You Can't Build Links On A Rotten Foundation

Katherine Stott    By under Link Building.

Can't Build Links On A Rotten FoundationThere are a handful of SEO writers who manage to get the technical aspect of their writing perfectly combined with an exceptional sense of wit. I recently read a great post by Jon Ball that was not only an entertaining read, but also raised some really valid points about how building links cannot be mastered effectively when your site isn't up to scratch.

Working in digital, we have first-hand access to the good, the bad and the ugly in terms of websites. There are some real "beauts" out there that fail to comply with the most basic of user experience, design or SEO standards and yet these sites still want and expect to rank on the first page of Google.

Basic Standards For Link Building

Let's face it; link building is no small task, especially since the latest Panda update and Penguin 2.0. It requires time, effort and a lot of outreach and you don't want to be wasting all of that on a terrible site that no one wants to link to. You won't receive returns for your clients and you could potentially damage relationships with other site owners who would normally expect quality associations from you.

Consider link building to be construction and your website to be the foundation of your house. With a rotten foundation, everything that's built on top of it is at risk and has the potential to fail. There are a number of aspects that contribute to a rotten foundation and they're actually all the basic must-haves for a standard site that has the expectation to perform.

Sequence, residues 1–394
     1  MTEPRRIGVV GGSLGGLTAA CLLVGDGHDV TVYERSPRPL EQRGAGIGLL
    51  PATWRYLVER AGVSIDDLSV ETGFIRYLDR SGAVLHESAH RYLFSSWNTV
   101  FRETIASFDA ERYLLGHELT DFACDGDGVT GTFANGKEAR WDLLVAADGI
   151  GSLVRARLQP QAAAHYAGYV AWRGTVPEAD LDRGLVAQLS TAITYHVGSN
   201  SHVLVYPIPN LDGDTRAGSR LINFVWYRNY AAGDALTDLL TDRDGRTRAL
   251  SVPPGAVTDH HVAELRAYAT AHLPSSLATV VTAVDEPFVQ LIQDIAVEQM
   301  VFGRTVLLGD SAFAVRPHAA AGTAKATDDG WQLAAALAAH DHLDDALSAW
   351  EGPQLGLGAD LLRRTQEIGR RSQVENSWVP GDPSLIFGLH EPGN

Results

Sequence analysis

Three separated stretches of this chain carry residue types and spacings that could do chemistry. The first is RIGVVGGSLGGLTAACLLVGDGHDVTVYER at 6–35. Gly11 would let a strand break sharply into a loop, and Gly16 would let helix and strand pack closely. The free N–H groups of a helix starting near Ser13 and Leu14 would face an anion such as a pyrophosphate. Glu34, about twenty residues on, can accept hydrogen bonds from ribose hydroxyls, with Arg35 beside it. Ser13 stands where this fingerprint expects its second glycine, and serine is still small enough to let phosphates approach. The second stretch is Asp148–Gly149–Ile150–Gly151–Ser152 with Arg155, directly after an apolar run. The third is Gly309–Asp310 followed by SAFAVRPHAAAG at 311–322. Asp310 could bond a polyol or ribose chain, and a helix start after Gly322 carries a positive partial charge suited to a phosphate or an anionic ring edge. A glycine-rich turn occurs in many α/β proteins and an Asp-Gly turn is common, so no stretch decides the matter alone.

• Well-structured site that is easy to navigate representing a legitimate business
  • Something that's also pleasing to the eye, making use of great fonts, design and imagery
  • Properly structured URL that is indicative of the business or website
  • Great website content that's actually readable and relevant
  • Properly structured content
  • Clean navigation with a logical hierarchy of pages
  • Site built according to best practices from user experience point of view, SEO and design
  • Contact details in obvious places
  • About description also in an obvious place
  • An awesome online experience

Jon Ball lists his own version of similar attributes and iterates that identifying decent sites from the rest becomes somewhat of an occupational skill. In his words, "More than anything, though, examining a website is a sense developed with time and experience. Within the industry it's commonly referred to as the "smell test" - basically you know if something stinks." Love it! And it's certainly a "sixth sense" acquired with many years of time spent online.

One of the most poignant points repeated again and again relates to the fact that we need to build sites for humans; the same applies to building links.

Building On The Right Foundation

If a site shows all the promise of the above list, it's so much easier to acquire strong, contextual and relevant links to it from other web owners. People want to link to something that's awesome, people want to share incredible stuff with their followers, in fact they want to be the first to do so. Bottom line, with the right (beautifully constructed) site in place, the work is already done for you and link building becomes so much easier to administer.

"Other websites are more likely to link with considerably less persuasion, and we aren't forced to rely on clever strategies and tactics. The value is already there, built into the website itself - there's no need for us to provide, manufacture, or otherwise sell value."

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